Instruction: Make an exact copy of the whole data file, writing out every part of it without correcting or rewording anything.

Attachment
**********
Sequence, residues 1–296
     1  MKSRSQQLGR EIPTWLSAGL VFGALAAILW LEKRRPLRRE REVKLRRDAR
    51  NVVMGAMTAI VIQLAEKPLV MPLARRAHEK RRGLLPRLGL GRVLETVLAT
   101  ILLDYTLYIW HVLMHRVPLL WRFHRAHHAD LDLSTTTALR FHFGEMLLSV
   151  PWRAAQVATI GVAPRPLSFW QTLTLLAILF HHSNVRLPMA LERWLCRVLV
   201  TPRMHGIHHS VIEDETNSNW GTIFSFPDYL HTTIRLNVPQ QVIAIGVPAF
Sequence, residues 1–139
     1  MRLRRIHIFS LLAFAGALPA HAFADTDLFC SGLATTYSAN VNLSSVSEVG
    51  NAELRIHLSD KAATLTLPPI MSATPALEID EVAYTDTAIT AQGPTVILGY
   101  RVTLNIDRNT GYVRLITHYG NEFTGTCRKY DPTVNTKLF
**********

Sequence, residues 1–296
     1  MKSRSQQLGR EIPTWLSAGL VFGALAAILW LEKRRPLRRE REVKLRRDAR
    51  NVVMGAMTAI VIQLAEKPLV MPLARRAHEK RRGLLPRLGL GRVLETVLAT
   101  ILLDYTLYIW HVLMHRVPLL WRFHRAHHAD LDLSTTTALR FHFGEMLLSV
   151  PWRAAQVATI GVAPRPLSFW QTLTLLAILF HHSNVRLPMA LERWLCRVLV
   201  TPRMHGIHHS VIEDETNSNW GTIFSFPDYL HTTIRLNVPQ QVIAIGVPAF
Sequence, residues 1–139
     1  MRLRRIHIFS LLAFAGALPA HAFADTDLFC SGLATTYSAN VNLSSVSEVG
    51  NAELRIHLSD KAATLTLPPI MSATPALEID EVAYTDTAIT AQGPTVILGY
   101  RVTLNIDRNT GYVRLITHYG NEFTGTCRKY DPTVNTKLF